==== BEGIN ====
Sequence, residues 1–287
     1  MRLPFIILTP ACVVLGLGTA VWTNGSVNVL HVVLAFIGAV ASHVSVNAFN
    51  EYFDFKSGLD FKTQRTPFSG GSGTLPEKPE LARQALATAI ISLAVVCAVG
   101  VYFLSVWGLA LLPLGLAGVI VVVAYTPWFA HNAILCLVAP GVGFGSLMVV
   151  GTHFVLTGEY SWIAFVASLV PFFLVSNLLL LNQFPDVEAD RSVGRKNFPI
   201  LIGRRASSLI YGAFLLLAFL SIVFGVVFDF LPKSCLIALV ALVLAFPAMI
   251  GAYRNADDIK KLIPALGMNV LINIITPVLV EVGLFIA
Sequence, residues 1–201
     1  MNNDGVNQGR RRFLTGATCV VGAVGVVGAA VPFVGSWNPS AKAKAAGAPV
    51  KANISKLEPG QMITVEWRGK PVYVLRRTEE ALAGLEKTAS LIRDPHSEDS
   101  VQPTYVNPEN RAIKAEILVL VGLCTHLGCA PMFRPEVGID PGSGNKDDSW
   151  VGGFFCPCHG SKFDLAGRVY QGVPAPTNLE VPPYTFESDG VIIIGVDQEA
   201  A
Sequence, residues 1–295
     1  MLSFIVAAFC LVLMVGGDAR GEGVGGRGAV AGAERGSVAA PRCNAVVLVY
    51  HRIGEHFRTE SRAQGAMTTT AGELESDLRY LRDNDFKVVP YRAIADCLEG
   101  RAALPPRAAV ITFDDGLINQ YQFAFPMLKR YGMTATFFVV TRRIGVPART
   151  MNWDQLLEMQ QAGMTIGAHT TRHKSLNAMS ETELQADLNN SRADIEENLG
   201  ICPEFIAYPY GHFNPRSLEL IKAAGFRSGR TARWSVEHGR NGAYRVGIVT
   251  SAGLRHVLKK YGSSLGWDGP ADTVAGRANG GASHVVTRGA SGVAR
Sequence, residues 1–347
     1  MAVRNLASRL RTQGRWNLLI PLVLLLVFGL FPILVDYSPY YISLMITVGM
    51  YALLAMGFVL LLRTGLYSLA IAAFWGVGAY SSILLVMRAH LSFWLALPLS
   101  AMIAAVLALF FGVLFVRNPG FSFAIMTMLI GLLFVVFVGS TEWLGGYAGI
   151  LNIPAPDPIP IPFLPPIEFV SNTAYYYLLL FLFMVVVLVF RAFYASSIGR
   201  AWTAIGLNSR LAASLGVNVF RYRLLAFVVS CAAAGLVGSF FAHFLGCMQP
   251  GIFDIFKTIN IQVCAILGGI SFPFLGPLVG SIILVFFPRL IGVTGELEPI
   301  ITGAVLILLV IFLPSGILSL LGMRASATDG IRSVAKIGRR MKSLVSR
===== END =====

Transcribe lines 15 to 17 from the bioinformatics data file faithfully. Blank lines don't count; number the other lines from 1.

     1  MLSFIVAAFC LVLMVGGDAR GEGVGGRGAV AGAERGSVAA PRCNAVVLVY
    51  HRIGEHFRTE SRAQGAMTTT AGELESDLRY LRDNDFKVVP YRAIADCLEG
   101  RAALPPRAAV ITFDDGLINQ YQFAFPMLKR YGMTATFFVV TRRIGVPART